RICHARD FERNANDEZ: How Will Humanity Respond to Threats to Its Survival and Freedom?

AP Photo/Luca Bruno

Suddenly the old Earth looks fragile. Some experts say the next pandemic could kill a billion people. Recent research suggests Covid-19 may have been lurking in Chinese caves from as early as 2012, hinting at horrors of nature still waiting to spring out at mankind from the bowels of the earth. Certainly an event on the scale of the current pandemic had been foreseen as far back as 2006 by epidemiologists in the George W. Bush administration as inevitable. Significantly, they warned that with a politicized reaction a “manageable epidemic could move toward catastrophe”.


Not just a medical catastrophe but one of governance. Crisis creates irresistible opportunities for ambitious bureaucrats to build empires. All across the world politicians are now using the virus to radically expand their authority, as they have done in the past.

The campaign against plague in the Middle Ages “marked a moment in the emergence of absolutism,” writes Yale University historian Frank M. Snowden … Covid-19 represents a new moment in this march of state power. In an era of Artificial Intelligence-enabled digital surveillance, governments around the world have been unable to resist the temptation to intrude more deeply into the lives of their citizens, as always justifying their draconian actions in the name of conquering a mortal threat.

The deal is if you want to live, submit to the prince. Angelo Codevilla argues that American politicians are not exempt from the authoritarian temptation.

COVID-19 was the perfect chance to produce, stoke, and maintain fear in pursuit of power. In short, the ruling class used the coronavirus to collapse American life. We are living through a coup d’état based on the oldest of ploys: declaring emergencies, suspending law and rights, and issuing arbitrary rules of behavior to excuse taking “full powers.”

As Rahm Emanuel famously said, “never let a serious crisis go to waste. And what I mean by that it’s an opportunity to do things you think you could not do before.” What would leaders do with such enormous powers but use them to extort more power. Technology has made the 21st-century world full of lurking terror and therefore potential power opportunities.

Regardless of the source of the coronavirus, it is now a roadmap for future bioterrorism. The damage has been quick and enormous — much greater than 9/11 — and worldwide. The responses have been predictable and ineffective. And the cost of a potential weapon such as this is close to zero. It represents the perfect asymmetric warfare strategy, and there should be little doubt these lessons are being studied carefully by military planners in North Korea, Tehran, Moscow, Beijing and desert caves throughout the Middle East.


According to the Council of Europe, in order to counter future bioterror threats, states will need even more powers. It’s a runaway chain reaction of authoritarianism—a meltdown of political and economic freedom.

Security experts from the Council of Europe have warned that the global coronavirus outbreak may increase the use of biological weapons by terrorists in the future.

“The COVID-19 pandemic has shown how vulnerable modern society is to viral infections and their potential for disuption,” the council’s Committee on Counter-Terrorism said in a statement.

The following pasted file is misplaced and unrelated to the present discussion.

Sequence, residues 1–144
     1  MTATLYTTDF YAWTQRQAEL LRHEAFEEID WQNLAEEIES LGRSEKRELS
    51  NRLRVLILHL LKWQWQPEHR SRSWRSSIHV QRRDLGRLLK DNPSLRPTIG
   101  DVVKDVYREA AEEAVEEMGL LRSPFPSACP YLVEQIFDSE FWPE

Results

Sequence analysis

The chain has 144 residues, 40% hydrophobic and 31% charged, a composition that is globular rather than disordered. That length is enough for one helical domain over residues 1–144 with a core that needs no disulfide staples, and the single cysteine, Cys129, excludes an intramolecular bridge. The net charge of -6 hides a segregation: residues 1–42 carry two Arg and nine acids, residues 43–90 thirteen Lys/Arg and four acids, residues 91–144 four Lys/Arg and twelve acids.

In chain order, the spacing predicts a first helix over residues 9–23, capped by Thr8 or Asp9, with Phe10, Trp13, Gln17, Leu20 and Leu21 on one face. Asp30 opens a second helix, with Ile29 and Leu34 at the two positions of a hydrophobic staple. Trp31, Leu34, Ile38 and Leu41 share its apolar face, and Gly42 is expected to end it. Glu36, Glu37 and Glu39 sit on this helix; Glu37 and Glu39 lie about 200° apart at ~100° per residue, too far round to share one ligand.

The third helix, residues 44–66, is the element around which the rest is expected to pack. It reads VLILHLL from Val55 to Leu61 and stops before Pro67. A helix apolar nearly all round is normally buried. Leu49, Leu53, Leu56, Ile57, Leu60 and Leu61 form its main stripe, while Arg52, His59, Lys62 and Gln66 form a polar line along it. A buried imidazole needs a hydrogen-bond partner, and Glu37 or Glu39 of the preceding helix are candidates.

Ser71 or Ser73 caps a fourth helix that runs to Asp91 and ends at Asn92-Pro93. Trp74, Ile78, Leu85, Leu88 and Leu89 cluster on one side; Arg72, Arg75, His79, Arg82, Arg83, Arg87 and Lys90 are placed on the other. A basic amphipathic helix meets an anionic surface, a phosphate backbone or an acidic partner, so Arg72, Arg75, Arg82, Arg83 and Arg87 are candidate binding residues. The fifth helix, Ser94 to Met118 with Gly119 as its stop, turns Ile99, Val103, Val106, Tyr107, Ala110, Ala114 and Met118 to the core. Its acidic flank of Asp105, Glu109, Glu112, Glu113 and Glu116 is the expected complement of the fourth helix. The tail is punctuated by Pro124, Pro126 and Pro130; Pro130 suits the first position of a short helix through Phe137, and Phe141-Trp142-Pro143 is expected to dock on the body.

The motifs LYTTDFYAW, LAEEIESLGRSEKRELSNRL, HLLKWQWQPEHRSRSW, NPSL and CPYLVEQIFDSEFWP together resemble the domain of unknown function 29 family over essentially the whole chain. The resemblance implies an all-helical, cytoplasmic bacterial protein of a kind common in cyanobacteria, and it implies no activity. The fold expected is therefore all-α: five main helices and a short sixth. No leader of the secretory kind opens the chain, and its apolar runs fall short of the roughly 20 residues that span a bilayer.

The deliberate use of disease-causing agents — like viruses or bacterias — as an act of terrorism “could prove to be extremely effective.” …

The council’s security experts called on the 47 Council of Europe member states to prepare to fight a biological weapons attack by engaging in training exercises.

As bioterror cells or “environmental threats” replace nuclear arsenals and armies as the greatest threat to human survival, with politicians demanding increasing authority, the search for a way out of the trap will grow by the year. Even before the pandemic, archivists sought safety in Earth’s remote places from the approaching storm.

The Svalbard Global Seed Vault is a secure seed bank on the Norwegian island of Spitsbergen in the remote Arctic Svalbard archipelago … to preserve a wide variety of plant seeds that are duplicate samples, or “spare” copies, of seeds held in gene banks worldwide. The seed vault is an attempt to ensure against the loss of seeds in other genebanks during large-scale regional or global crises.

Martin Kuntz proposed a similar effort called the Memory of Mankind project. “Memory of Mankind (MOM) is a preservation project funded in 2012 by Martin Kunze. The main goal is to preserve the knowledge about present human civilization from oblivion and collective amnesia. Information is printed on ceramic tablets, then stored in the salt mine of Hallstatt, Austria.” But the earth’s remote places are no longer physically far enough to guarantee safety against library burners, nor out of reach of perhaps the greatest threat of all: political censorship.


As to the question of what information goes into the vault, Kunze is planning a seminal conference this year entitled “Zero footprint: What shall we leave behind?” Here, he hopes to gather researchers from various fields across science and humanities to devise a framework to decide how to choose. Popularity doesn’t necessarily mean value, he asserts: “The most read articles on Wikipedia aren’t about scientific research, but about Justin Bieber.”